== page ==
A firm favourite in these parts, Dovedale is a blue veined, full fat soft cheese – a mild, creamy, gooey blue.
Dovedale is one few British Protected Designation of Origin cheeses (not having a PDO is the reason why not all Cheshire cheese is made in Cheshire, for example). Previously made in Hartington, it is now made by the Staffordshire Cheese Co in Cheddleton, with milk from Derbyshire, Nottinghamshire and Staffordshire.
It is also one of few cheeses to be dipped in brine during maturation, a process more common to Middle Eastern and Mediterranean cheeses like Feta. Taking inspiration from that part of the world, how about pairing it with figs? Try halving fresh figs and roasting with a dollop of Dovedale on top, with or without a wrapping of thin sliced cured ham like prosciutto, and a drizzle of honey and/or balsamic vinegar. The prosciutto should crisp up nicely and turn it into a finger-friendly canapé. Otherwise serve on toasted baguette, or – if that’s still too gooey for you – as part of a salad.
New in this past week is Staffordshire Whitmore – an unpasteurised, organic, ewe’s milk cheese made in Acton, near Newcastle-under-Lyme (less than 40 miles away), by M&B Deaville & Son, who also make our Staffordshire mature cheddar (with or without wild garlic).
It’s a kind of a sheep’s cheese parmesan – not dissimilar to Berkswell, which has been going down a treat since we opened, but sweeter in flavour and less dry in texture, making it a bit easier as a cheese to nibble.
We think this will go nicely with our Daddy Cool’s Tomato and Chilli Chutney, which is moist and tangy to go with the hardness of the cheese. Daddy Cool’s is even closer to home, made in Tintwistle, Glossop. The Tomato and Chilli Chutney is medium heat, but we also have mild or (super)hot – Garlic and Papaya Pickle and Superhot Cranberry Naga Pickle respectively – as well as a range of Daddy Cool’s sauces.
This week’s cheese of the week is Ribblesdale Smoked Goat’s. It’s not a very goat-y goat’s cheese, nor is it a very smoke-y smoked cheese, but the combination definitely works.
Having started out in Horton-in-Ribblesdale, it’s now made in Hawes – more famous for its wensleydale – at a small artisan cheese maker’s specialising in goat’s cheese.
Ghostly white in colour (in its russet wax), and with a semi firm texture, it’s definitely worth a try even if you’re a professed goat’s cheese hater – come in for a taster and see if we can change your mind…
Happy New Year all. I missed recommending a cheese last week in the general confusion of the festive period, but here is your first cheese of the week for 2017.
Thomas Hoe Aged Red Leicester is made by the Long Clawson Dairy in Leicestershire. It’s not what you expect from an ‘ordinary’ red leicester – it has a visibly dry texture, a deep orange colour, and a strong, sweet, caramel flavour. If sales in the shop are anything to go by, it proved popular for many people’s Christmas cheese selections.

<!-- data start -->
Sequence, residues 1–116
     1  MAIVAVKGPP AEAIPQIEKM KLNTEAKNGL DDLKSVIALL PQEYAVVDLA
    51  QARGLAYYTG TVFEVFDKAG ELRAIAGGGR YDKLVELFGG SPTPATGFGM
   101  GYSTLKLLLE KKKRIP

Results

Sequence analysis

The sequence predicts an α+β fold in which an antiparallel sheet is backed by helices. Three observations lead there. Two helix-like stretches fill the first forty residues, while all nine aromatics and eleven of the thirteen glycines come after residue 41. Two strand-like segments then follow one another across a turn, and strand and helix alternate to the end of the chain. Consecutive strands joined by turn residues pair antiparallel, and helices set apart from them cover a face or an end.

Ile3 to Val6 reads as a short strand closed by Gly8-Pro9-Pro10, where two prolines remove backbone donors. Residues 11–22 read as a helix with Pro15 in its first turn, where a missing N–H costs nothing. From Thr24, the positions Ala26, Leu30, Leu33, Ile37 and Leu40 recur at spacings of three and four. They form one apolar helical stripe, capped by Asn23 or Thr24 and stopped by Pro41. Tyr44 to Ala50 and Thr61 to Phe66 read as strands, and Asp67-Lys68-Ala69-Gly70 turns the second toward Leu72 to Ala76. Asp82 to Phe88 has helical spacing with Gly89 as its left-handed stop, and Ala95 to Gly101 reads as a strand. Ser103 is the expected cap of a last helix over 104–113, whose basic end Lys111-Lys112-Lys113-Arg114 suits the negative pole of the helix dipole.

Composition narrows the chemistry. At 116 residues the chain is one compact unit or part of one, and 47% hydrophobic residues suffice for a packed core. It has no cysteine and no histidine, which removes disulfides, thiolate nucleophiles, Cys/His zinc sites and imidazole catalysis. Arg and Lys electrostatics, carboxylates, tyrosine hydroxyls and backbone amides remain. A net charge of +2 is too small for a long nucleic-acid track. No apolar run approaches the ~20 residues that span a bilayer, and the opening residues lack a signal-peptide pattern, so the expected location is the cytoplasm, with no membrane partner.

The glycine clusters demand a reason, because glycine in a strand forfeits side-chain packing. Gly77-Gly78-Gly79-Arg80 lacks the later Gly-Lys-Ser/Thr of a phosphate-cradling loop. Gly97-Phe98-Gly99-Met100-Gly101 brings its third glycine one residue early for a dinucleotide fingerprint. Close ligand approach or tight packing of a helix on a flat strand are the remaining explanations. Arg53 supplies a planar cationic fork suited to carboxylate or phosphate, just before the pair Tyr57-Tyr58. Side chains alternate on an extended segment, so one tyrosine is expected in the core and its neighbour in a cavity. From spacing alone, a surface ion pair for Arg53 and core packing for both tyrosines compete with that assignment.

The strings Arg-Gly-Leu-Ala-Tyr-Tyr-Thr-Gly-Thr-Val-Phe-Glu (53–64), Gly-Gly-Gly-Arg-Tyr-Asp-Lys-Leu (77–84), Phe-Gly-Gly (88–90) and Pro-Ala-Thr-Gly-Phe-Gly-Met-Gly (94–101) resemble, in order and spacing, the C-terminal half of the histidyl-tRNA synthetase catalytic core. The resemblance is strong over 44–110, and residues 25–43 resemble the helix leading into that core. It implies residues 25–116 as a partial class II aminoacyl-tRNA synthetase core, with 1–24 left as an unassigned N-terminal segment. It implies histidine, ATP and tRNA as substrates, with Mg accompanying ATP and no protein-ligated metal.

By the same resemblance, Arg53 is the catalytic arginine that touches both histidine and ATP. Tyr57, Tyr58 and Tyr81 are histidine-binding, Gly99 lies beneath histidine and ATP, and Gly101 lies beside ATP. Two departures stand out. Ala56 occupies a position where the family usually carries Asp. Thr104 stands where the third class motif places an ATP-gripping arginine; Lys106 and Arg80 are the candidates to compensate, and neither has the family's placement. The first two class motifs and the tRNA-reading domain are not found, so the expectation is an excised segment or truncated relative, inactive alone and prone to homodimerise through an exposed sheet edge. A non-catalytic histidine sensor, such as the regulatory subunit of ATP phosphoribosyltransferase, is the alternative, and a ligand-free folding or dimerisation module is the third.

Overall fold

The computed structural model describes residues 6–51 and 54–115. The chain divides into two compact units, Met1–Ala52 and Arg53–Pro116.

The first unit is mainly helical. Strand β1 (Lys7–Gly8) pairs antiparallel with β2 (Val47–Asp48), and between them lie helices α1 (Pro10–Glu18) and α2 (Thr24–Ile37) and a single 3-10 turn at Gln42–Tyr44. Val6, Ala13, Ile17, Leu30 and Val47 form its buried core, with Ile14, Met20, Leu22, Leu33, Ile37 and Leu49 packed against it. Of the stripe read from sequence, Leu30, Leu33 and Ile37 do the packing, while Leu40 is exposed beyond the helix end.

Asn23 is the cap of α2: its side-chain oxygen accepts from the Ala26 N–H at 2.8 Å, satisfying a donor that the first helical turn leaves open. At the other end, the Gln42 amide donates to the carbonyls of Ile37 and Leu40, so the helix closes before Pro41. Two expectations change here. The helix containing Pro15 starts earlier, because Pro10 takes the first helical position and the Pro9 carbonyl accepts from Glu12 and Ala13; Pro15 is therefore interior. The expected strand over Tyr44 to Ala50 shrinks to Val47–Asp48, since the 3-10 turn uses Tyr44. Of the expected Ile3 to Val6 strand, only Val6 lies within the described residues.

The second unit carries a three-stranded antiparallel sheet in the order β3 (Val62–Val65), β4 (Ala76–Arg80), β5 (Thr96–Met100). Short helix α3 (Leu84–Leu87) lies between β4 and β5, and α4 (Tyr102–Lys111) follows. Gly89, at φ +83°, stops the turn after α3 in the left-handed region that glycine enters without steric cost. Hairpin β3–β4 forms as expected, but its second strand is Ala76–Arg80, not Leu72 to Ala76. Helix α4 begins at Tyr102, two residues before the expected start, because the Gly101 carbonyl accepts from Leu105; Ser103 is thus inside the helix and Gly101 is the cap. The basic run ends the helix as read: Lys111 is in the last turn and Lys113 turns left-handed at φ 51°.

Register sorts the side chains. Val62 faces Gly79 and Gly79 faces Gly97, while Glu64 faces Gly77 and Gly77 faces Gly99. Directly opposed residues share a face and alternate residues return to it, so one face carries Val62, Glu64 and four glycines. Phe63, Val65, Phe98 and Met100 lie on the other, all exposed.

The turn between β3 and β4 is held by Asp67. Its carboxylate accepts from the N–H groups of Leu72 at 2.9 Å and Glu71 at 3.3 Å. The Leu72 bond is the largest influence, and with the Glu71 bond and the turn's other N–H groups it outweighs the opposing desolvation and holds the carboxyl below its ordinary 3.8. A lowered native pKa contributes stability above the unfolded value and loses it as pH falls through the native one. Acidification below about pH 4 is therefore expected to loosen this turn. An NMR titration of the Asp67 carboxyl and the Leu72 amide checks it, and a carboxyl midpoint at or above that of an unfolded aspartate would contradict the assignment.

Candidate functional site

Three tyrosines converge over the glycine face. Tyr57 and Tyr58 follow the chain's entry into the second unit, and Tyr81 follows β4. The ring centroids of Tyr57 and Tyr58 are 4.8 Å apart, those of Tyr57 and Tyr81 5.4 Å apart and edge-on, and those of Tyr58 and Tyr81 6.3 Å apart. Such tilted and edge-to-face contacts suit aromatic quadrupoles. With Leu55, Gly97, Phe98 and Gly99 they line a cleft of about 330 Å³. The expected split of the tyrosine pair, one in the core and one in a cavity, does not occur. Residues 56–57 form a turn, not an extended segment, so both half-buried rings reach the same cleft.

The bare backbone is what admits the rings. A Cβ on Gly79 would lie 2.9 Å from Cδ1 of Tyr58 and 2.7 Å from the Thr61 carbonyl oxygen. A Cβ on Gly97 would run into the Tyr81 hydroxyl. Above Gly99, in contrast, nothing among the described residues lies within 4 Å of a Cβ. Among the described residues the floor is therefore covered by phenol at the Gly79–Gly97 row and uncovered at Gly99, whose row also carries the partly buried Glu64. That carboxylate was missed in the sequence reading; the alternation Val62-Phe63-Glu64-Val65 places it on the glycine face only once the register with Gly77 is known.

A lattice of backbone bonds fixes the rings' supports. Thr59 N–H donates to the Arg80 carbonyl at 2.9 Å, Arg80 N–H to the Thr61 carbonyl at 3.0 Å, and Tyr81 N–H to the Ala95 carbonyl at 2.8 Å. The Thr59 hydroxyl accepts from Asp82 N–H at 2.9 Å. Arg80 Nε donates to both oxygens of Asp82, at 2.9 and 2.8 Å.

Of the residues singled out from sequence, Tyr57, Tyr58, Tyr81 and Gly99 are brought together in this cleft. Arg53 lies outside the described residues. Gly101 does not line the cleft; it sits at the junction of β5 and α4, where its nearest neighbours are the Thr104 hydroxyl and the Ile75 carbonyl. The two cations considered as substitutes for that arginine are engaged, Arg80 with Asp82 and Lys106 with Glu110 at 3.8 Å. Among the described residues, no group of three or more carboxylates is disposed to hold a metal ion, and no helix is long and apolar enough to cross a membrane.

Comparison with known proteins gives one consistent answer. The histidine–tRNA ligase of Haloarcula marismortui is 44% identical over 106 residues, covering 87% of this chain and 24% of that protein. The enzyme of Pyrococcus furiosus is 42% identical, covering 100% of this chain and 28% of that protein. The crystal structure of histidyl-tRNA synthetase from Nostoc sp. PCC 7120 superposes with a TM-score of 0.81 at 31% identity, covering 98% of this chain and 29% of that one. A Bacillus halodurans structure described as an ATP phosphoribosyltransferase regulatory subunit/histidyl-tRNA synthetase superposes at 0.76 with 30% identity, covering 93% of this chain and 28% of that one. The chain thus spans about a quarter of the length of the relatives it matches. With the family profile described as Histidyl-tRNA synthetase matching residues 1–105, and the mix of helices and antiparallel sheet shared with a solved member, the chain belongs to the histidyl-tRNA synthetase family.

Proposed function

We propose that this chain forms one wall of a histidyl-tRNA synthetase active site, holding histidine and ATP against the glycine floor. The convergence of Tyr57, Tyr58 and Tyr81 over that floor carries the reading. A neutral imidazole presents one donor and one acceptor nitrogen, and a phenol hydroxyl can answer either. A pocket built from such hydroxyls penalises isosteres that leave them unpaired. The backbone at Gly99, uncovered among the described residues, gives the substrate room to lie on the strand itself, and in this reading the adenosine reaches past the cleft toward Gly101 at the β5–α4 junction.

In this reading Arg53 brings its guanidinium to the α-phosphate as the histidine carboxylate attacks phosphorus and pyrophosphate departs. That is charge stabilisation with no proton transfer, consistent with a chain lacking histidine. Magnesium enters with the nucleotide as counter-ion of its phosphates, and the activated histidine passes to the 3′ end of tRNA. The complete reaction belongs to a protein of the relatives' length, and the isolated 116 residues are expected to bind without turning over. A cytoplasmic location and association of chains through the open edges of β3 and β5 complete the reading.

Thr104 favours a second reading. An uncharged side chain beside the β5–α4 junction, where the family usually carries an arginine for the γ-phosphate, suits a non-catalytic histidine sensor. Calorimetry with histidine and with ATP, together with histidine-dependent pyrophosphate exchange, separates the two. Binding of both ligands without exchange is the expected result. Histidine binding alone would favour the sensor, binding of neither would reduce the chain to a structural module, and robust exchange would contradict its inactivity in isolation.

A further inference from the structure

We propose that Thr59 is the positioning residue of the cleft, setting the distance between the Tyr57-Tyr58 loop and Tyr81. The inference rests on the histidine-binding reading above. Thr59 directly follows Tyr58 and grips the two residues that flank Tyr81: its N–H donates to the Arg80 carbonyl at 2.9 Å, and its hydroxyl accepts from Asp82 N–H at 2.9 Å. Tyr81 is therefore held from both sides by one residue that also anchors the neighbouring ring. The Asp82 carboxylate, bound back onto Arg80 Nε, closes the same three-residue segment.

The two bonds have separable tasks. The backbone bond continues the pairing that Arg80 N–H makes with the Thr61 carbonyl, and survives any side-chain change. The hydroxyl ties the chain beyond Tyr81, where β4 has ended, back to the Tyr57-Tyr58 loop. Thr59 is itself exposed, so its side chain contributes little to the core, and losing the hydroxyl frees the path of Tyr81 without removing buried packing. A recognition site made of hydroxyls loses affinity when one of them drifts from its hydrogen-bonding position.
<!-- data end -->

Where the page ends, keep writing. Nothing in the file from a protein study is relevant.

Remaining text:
Another tip for your Thomas Hoe Red Leicester, particularly if it has aged a little too much and is past its best, is to use it for cooking. How about smoked haddock, leek, and Thomas Hoe Red Leicester fishcakes? Poach the fish in milk, add some leek rings to soften, flake the fish, mix with potato mashed with some of the ‘fishy milk’, throw in the leek and grated Thomas Hoe Red Leicester, shape, and stick in the oven til they crisp up (or something like that anyway – it’s Mrs Monty who does the cooking. I get lumbered with the washing-up).
This week’s recommendation is one of the range of Cheshire cheeses made by the Bourne family in Malpas. It’s a lovely full-on smokey number – you can smell the smokiness, and see the grill lines (think halloumi straight from the barbeque) – and the tanginess of the Cheshire complements this really well. I’d suggest perhaps some of Charlie’s Country Garden’s Roasted Garlic, Apple and Shallot chutney with this one, or maybe just a bit of fresh green apple.
Other Bourne options include an unpasteurised Cheshire (although this is fast running out), Mrs Bourne’s Mature Cheshire (coloured), and a Blue Cheshire (particularly good as an unusual alternative to stilton).
Sorry chaps I’m a bit late with my recommendation this week. My cousin Roque Rato has been visiting from Portugal and we’ve been sampling some port (hic). He brought a tawny port, a white port and a muscat from Real Compania Velha – he left a few behind for sale in the shop – so Christmas came a bit early and we cracked out the stilton.
Our stilton is made by the Hartington Creamery. There used to be a large cheese factory in that part of the world til 2009, when it closed down and Derbyshire lost its only homegrown stilton, but luckily the artisan Hartington Creamery was born a few years later and starting making stilton by hand in 2014. It’s a creamy stilton with lovely green-blue veins, and at this time of year comes in a very attractive pot (or we can cut a piece to your requirements). Great with port, or a sweet dessert wine for something a bit different.
This cheese may look like I was a bit peckish during the night and gnawed my way through the middle hoping no-one would notice, but it is meant to look like that. Honestly. The clue is in the name – it is called Stanage Millstone after all.
It’s produced a few miles along the Hope Valley in Hathersage, by the Summerlins at Cow Close Farm. The cheese has only been on the market since Spring 2016, and will surely prove to be both a tasty and very stylish addition to any cheeseboard.
With a soft bloomy rind encasing a rich flavour and buttery texture, my top tip is to serve in wedges on Miller’s Cranberry and Raisin Toasts. In fact, this combination proved so popular at our Opening Party that we sold a fair few Toasts and also sold out of our stock of ‘ready-to-eat’ Millstones. We have more Millstones for sale, but they are still developing in the rind and won’t be ready to eat until Friday. Something for the weekend, perhaps?